Archive for May 15th, 2008

Aamir Khan writes in his blog that the caretaker of his Panchgani house has a dog named Shahrukh. He emphasises that he had nothing to do with the naming of the dog.

I’m sitting under a tree, on the edge of a valley, approximately 5000 feet above sea level. The river Krishna flows far below us snaking its way among the Sahyadri mountains. A cool breeze is blowing, jannat ki hawa (breeze from the heavens), as my mother calls it. Ammi, Ira and Junaid are by my side and we are in the middle of one of our favourite board games ‘Settlers Of Catan’. Shahrukh is licking my feet and I am feeding him biscuits every now and then. What more can I ask for?

Now, before you jump to any conclusions let me add that Shahrukh is the name of our dog. And before you jump to any further conclusions let me add that I had nothing to do with naming him. In fact Shahrukh is the dog of the caretakers of our house. When I bought this house it came with the caretakers and their dog! Apparently Shahrukh (the actor) was shooting for a commercial in this house a few years ago, and that very day the caretakers bought a pup…, and named him Shahrukh. What are the chances of me buying a house which comes with a dog called Shahrukh!!!

Shah Rukh’s supporters (who clearly can’t read) react:

The shocking display of insolent humor has sent shock waves in the otherwise-insulated and unconcerned film industry. Says a very popular character-actor who has worked with both the actors, “I guess the freedom provided by a blog tends to loosen tongues. Amitji has never been known to be as undiplomatic as he’s on his blog. Aamir must have thought it’s time to increase the odds, what if Amitji’s blog gets more eyeballs! Also, his nephew’s film is around the corner. During the release of Taare Zameen Par, Aamir created a controversy by taking on Amitji and Black. Now for the nephew it’s Shah Rukh being called a dog. All I can say is life’s a bitch.”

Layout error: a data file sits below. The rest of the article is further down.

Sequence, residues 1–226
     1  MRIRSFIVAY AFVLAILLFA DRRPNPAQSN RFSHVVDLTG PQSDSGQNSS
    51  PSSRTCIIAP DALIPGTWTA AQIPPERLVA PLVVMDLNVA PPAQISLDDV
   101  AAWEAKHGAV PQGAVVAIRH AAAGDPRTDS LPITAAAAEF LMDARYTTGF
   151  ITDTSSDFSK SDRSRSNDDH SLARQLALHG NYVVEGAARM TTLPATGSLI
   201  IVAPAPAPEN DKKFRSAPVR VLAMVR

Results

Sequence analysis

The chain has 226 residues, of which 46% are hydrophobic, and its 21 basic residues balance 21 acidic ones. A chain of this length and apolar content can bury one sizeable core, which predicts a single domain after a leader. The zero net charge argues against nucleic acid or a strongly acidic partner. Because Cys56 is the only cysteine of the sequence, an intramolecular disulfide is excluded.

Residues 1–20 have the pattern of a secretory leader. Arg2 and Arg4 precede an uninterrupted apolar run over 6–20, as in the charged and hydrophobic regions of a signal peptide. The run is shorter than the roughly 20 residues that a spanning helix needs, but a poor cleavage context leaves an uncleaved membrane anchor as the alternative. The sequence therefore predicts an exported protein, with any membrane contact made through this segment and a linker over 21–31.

Shah Rukh remains characteristically unfazed and humorous in the face of his colleague’s uncharitable and tasteless remarks. When this writer expressed shock and indignation at Aamir’s remarks, SRK responded, “Earlier on, people used to name their children after famous people. Somebody naming a dog after a known person is a new beginning in that direction. I don’t have a copyright over this name if used non-commercially.” But a close friend of SRK on promise of anonymity reacted far more aggressively. “Aamir’s megalomania has been brewing for a while. Earlier he declared himself No.1 as compared with SRK who took it smilingly. Now Aamir is down to street-level provocation…”

But it is not just excitable fans who indulge in such mischaracterisations. Big political parties are equally adept at it.

Or perhaps I should be generous and put it all down to cognitive dissonance.  

Update: This blogger goes on a rant about how lowly Aamir is and then links approvingly to my post. What on earth is wrong with the world? Can no one read? Is the stand I take in the above post so hard to gauge? Also see the amazingly nonsensical comment 1 below. This after going through my post.

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Intellectual property laws, such as those relating to copyright or patents, are a source of considerable disagreement among libertarians. The reason is not hard to see. In the words of Rodrick Long,

When libertarians of the first sort come across a purported intellectual property right, they see one more instance of an individual’s rightful claim to the product of his labor. When libertarians of the second sort come across a purported intellectual property right, they see one more instance of undeserved monopoly privilege granted by government.

In this fine article, Long argues against intellectual property laws from a libertarian perspective and points out there are other means (such as laws against fraud) to achieve many of the same results. My position on the matter is less extreme than Long’s. I believe that a case does exist for some intellectual property laws; however I also believe that current laws are more restrictive than is necessary. For instance, there is no justification, in my opinion, for the absurdly long copyright laws that currently exist in the United States (and were passed incidentally, under pressure from media corporations).

The matter is complex and deserves a longer post, which I hope to attempt some day. For now, I’d like to point the reader to the fact that Neil Nataniel is currently guest-blogging at Volokh on what he calls the “copyright paradox”, a reference to the fact that copyright simultaneously enables and restricts free speech. The first two posts are here and here.

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